Are Managed Futures Starting to Work Again?
Managed futures strategies have been among the most disappointing investment categories over the last four to five years. These strategies were designed to have negative correlation to both stocks and bonds—and in what has been a strong equity market, the negative correlation has come through, with flat to negative returns for many managed futures strategies.
In mid-2016, WisdomTree developed a new managed futures index that looks to incorporate multiple momentum periods to determine and scale long or short positions. It furthermore includes a volatility signal that tries to identify commodities that are at higher risk of whipsaw movements and looks to avoid positions in those commodities.
Re-establishing Trending Markets?
After a trendless market where this Index had low to negative returns, the fourth quarter of 2017 saw the strongest three-month return for this strategy in its short life span.
Rolling Three-Month Performance
Contributing the most to these gains was the rise in oil prices and energy-related commodities, which the Index established long positions in starting in August and September, depending on the specific commodity. It maintained those positions throughout the fourth quarter, which was a significant positive contributor. The same goes for copper, which showed strong gains in the fourth quarter as well.
There were only modest losses on commodities such as silver and soybeans, which resulted from short positions in those commodities.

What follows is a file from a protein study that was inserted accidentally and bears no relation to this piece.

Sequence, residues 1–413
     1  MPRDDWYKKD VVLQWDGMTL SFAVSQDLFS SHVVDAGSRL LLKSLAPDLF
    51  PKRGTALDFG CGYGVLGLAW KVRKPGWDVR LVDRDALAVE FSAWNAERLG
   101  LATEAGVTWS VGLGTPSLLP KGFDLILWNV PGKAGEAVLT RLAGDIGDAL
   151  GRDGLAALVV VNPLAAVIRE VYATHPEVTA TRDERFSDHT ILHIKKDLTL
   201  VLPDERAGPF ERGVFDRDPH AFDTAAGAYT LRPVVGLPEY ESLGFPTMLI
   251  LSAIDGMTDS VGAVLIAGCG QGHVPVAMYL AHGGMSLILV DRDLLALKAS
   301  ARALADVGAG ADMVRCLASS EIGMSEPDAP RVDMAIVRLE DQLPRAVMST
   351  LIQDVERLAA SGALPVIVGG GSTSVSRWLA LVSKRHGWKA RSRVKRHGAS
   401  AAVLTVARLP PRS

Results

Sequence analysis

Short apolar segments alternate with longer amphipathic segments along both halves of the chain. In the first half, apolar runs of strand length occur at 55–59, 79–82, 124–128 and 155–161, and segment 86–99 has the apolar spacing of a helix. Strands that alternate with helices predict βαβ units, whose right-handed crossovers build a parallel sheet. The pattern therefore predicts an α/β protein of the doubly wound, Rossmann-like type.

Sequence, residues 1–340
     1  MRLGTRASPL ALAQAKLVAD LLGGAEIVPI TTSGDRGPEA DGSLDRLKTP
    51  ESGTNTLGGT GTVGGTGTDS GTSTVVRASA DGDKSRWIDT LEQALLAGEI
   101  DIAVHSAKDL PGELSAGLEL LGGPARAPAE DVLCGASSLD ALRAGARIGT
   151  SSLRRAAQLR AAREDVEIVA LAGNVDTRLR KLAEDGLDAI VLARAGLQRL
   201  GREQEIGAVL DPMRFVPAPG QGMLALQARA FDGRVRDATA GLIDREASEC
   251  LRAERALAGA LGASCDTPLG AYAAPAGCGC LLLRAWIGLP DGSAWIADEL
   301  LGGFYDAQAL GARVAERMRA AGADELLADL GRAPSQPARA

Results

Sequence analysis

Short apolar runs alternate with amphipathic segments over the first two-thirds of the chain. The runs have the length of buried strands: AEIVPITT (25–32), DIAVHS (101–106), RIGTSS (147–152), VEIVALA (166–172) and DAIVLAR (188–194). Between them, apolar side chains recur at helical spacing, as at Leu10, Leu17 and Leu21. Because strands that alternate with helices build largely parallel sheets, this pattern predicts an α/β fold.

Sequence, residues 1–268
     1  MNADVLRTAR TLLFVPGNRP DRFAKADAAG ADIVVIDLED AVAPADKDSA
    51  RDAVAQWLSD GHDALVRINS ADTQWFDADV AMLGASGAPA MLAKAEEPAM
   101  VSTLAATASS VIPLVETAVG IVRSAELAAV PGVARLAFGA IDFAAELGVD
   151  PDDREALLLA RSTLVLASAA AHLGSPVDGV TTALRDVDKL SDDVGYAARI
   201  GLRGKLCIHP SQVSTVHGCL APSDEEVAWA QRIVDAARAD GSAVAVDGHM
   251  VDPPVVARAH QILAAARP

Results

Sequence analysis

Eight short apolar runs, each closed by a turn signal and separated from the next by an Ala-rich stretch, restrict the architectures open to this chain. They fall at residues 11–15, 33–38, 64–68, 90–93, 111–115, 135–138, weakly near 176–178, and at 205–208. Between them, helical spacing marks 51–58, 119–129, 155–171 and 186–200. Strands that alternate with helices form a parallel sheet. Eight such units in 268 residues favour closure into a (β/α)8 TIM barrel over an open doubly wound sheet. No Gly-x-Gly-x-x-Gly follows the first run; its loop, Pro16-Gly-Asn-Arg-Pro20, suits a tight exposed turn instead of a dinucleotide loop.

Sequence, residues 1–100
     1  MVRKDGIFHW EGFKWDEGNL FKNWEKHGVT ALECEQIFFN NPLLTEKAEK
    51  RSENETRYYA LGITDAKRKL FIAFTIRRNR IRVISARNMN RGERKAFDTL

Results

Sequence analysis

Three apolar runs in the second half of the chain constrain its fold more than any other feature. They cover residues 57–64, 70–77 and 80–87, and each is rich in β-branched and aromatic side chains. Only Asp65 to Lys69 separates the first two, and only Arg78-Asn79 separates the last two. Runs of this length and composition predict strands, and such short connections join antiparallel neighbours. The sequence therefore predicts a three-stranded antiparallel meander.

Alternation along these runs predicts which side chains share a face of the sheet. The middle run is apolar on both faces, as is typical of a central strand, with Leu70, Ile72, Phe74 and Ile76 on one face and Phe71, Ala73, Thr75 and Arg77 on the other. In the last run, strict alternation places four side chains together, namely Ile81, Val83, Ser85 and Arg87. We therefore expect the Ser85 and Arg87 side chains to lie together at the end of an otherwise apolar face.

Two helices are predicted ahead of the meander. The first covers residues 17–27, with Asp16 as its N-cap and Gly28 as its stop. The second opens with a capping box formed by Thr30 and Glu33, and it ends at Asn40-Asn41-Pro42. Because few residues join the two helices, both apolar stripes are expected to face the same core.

WisdomTree Managed Futures (WTMF): Price Return Contribution of Assets (2017 Q4, bps) and Positioning
Weight-Adjusted, Quarter To Date, as of 12/29/2017
WisdomTree Managed Futures (WTMF): Price Return Contribution of Assets (bps) and Positioning
Weight-Adjusted, since 04/30/2016, as of 12/29/2017
When we go back to the inception of the WisdomTree Managed Futures Index, we see that gold and silver were two of the weakest performers, constantly getting whipsawed after the Index established either long or short positions over the last 18 months.
Factors Supporting Managed Futures
One of the factors that impinged on managed futures strategy returns was low returns on the collateral that was backing futures positions, given the zero-bound on interest rates. Now that interest rates are starting to rise with the Federal Reserve (Fed) hiking rates, the collateral underpinning futures positions is earning more interest income with short-term interest rates rising.
With a re-establishment of trending commodities, concerns over the overall levels of the market and the search for alternative strategies to help reduce portfolio volatility, it is a good time to consider one of the few out-of-favor asset classes, managed futures, that are starting to see a stronger investment case shine through.